Weighing around 6 ounces, this belt adjusts comfortably and snugly around your waist. It contains a light ship powered by a 9-volt battery. The green glow of the Lightning Belt is visible from 5,000 feet away. $24.95. (800) 966-2275.

OGIO Safety Light by OGIO International

This 1-ounce light attaches with a belt clip or an arm band (included). It can be seen from over a half-mile away and provides more than 160 hours of light. It's weatherproof and durable. $8. (800) 922-1 944.

Tetra-Glo Reflective Gloves by Polygenex International

Be seen day and night with Tetra-Glo reflective gloves by Polygenex. The fluorescent orange color can't be missed during the daylight hours, and reflective yarn woven into stripes makes the gloves visible in the dark from over 350 feet away. $12.95. (800) 380-0071.

Zeonz by Barker Technologies

Some running shoes have reflective stripes on them, but if you really want to be seen, consider the Zeonz. This 6-inch neon tube clips to your running shoe. At the flick of a switch, the light beams a bright red. It comes with batteries that last 80 to 100 hours. $20 for a pack of two. (618) 462-3527.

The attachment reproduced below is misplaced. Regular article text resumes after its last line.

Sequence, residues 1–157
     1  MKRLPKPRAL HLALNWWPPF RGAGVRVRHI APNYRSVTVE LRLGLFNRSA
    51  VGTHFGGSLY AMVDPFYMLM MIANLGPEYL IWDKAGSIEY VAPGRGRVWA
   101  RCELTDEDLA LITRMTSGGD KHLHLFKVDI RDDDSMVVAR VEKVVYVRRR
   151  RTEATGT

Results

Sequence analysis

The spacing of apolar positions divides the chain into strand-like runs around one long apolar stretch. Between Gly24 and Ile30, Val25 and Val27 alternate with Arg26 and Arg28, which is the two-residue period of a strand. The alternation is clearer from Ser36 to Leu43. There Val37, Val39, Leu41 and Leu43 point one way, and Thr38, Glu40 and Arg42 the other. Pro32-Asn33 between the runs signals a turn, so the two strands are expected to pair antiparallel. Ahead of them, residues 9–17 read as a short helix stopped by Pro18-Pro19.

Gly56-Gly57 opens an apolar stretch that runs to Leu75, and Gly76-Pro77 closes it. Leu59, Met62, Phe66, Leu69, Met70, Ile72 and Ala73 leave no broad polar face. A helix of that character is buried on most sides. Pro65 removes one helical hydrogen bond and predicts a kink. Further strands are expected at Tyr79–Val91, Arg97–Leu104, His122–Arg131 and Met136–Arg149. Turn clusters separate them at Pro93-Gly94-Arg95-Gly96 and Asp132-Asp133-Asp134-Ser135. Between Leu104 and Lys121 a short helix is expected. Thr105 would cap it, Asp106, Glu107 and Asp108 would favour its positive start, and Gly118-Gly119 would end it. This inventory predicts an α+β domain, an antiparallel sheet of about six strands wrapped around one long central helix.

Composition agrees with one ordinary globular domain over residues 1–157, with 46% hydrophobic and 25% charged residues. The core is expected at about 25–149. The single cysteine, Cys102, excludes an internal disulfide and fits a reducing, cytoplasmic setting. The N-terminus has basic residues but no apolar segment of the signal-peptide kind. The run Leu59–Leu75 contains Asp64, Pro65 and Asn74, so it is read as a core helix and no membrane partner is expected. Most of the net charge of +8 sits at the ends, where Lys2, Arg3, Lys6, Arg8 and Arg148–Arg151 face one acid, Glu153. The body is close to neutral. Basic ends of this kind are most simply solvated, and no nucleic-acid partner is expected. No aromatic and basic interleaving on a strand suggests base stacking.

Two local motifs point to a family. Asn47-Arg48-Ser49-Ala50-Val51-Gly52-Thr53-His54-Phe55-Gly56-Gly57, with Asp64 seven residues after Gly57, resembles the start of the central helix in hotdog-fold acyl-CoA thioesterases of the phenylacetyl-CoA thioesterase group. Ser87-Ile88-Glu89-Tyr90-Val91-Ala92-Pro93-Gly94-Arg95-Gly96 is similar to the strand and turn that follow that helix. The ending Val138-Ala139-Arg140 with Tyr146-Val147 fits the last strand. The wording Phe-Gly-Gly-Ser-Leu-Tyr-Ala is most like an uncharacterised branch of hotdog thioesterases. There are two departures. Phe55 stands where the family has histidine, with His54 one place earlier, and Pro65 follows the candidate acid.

Sport Sandals

Ah, rebel That's what your tired feet will feel when you step into a pair of sport sandals after a hard run or a race. Sport sandals let your feet recuperate on a comfortable, anatomically correct footbed. And, of course, sandals protect you from all kinds of nasty stuff--from broken glass and sharp stones to locker-room bacteria.

When you consider a sport sandal, comfort, fit and stability should be your first concerns. Also think about where and for what activity you'll be wearing them--the house, yard, pool, beach or trail, for wading, hiking, even running--as recommended use varies by product

Must-have features: A footbed perimeter slightly larger than your foot's dimensions (an oversized footbed lets the foot settle comfortably and securely into the shoe and allows room for socks); a strap and closure system that's adjustable for a customized fit and made of durable fastening materials

Air River Guide by Nike